Joseph Campbell’s definition of a hero states that “A hero is someone who has given his or her life to something bigger than oneself” (Campbell 123). The concept of the hero has been present and in active use by storytellers since humans first began telling stories. Myths and legends of every culture and tradition have heroes whose purpose is to serve as role models and character lessons to those who hear or read their stories. The hero of a story can take many forms depending on the purpose of the story, reflecting the society of the writer. The purpose of post WWII German literature is largely to tell the story of those world-changing events as the individual authors felt it needed or deserved to be told at a particular point in time. As time passed, however, that purpose shifted in focus as the society shifted its focus in how the war era was to be remembered and dealt with in both politics and society. A look at the heroes of Thomas Mann’s Doctor Faustus and Jurek Becker’s Jacob the Liar shows how the concept of the hero in post WWII German literature changed from the mid 1940s to the late 1960s in parallel to the societal changes in the interpretations and memories of the war that took place over the same years.
Thomas Mann’s Doctor Faustus: the life of the German composer Adrian Leverkühn as told by a friend is the story of Adrian Leverkühn, a composer who strives for musical perfection and wants to reach it badly enough that he literally sells his soul to the devil. The story is told by a friend of Adrian’s, a man who is often as much telling Germany’s story as he is Adrian’s. The novel was written in 1947, only two years after the close of WWII. As such...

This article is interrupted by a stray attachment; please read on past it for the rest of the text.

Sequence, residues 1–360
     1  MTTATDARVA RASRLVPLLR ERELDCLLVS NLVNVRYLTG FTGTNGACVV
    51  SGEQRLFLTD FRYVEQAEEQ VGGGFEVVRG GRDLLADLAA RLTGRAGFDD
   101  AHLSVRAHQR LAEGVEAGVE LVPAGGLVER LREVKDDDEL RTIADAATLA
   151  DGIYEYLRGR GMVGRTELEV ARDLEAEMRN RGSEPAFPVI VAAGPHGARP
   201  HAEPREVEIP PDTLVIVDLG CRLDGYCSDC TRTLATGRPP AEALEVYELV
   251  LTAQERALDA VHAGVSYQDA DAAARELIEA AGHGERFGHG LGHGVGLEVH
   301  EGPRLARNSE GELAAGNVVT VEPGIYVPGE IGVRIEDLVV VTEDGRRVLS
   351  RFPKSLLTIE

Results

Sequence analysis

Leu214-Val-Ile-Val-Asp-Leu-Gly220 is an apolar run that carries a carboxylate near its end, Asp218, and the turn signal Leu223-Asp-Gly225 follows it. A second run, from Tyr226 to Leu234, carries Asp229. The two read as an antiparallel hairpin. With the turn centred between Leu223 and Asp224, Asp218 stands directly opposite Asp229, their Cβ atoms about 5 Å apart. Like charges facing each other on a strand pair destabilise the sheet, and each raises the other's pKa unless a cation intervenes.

... middle of paper ...
...he ghettos. Neither hero is greater nor lesser than the other, they simply serve different purposes with each reflecting the society as it was when their stories were written. By looking at how the heroes in the literature changed over time, one can see a clear picture of the changes in the interpretations of memory in post WWII Germany over the first few decades after the close of the war.
Becker, Jurek. Jacob the Liar. Trans. Leila Vennewitz. New York: Plume, 1997.
Campbell, Joseph and Bill Moyers. The Power of Myth. Betty Sue Flowers, ed. New York: Doubleday, 1988.
Herf, Jeffrey. Divided Memory: The Nazi Past in the Two Germanys. Cambridge, Mass.: Harvard UP, 1997.
Mann, Thomas. Doctor Faustus: the life of the German composer Adrian Leverkühn as told by a friend. Trans. John E. Woods. New York: Vintage Books, Random House, Inc., 1999.
Need Writing Help?
Get feedback on grammar, clarity, concision and logic instantly.Check your paper »
- Doctor Faustus as Apollonian Hero How long will a man lie i' th' earth ere he rot. - Hamlet, V, i, 168 The Tragic History of Doctor Faustus is Marlowe's misreading of the drama of the morality tradition, the Faust legend, and, ironically, his own Tamburlaine plays. In the development of the character of Doctor Faustus, we find one of the supreme artistic achievements of English dramatic literature, a milestone of artistic creativity and originality. The force of Marlowe's dramatic poetry resonates with lyrical intensity in its dialectic between world and will.... [tags: Doctor Faustus]
4836 words (13.8 pages)
- Doctor Faustus as Tragic Hero Doctor Faustus died a death that few could bear to imagine, much less experience. After knowing for many years when exactly he would die, he reached the stroke of the hour of his destiny in a cowardly, horrid demeanor. Finally, when the devils appeared at the stroke of midnight, tearing at his flesh as they draw him into his eternal torment, he screams for mercy without a soul, not even God Himself, to help him. However, what to consider Doctor John Faustus from Christopher Marlow's dramatic masterpiece The Tragical History of the Life and Death of Doctor Faustus is a very debatable issue. For example, one can see that he threw his life away for the sake o... [tags: Doctor Faustus Essays]
3330 words (9.5 pages)
- A Historicism Approach to Doctor Faustus A young man studies theology his entire life and in turn receives his Doctrine in this field. One lonesome and desperate night, he decides to ignore God and fulfill his deepest desires. Hence, he conjures up a servant of Lucifer and agrees to sell his soul only if he can receive whatever or whomever he desires. This is the story of Christopher Marlowe's Doctor Faustus. Doctor Faustus is a doctor of theology that wants no limits on what he can know or see or do so he sells his soul to the devil to gain these desires.... [tags: Doctor Faustus Essays]
841 words (2.4 pages)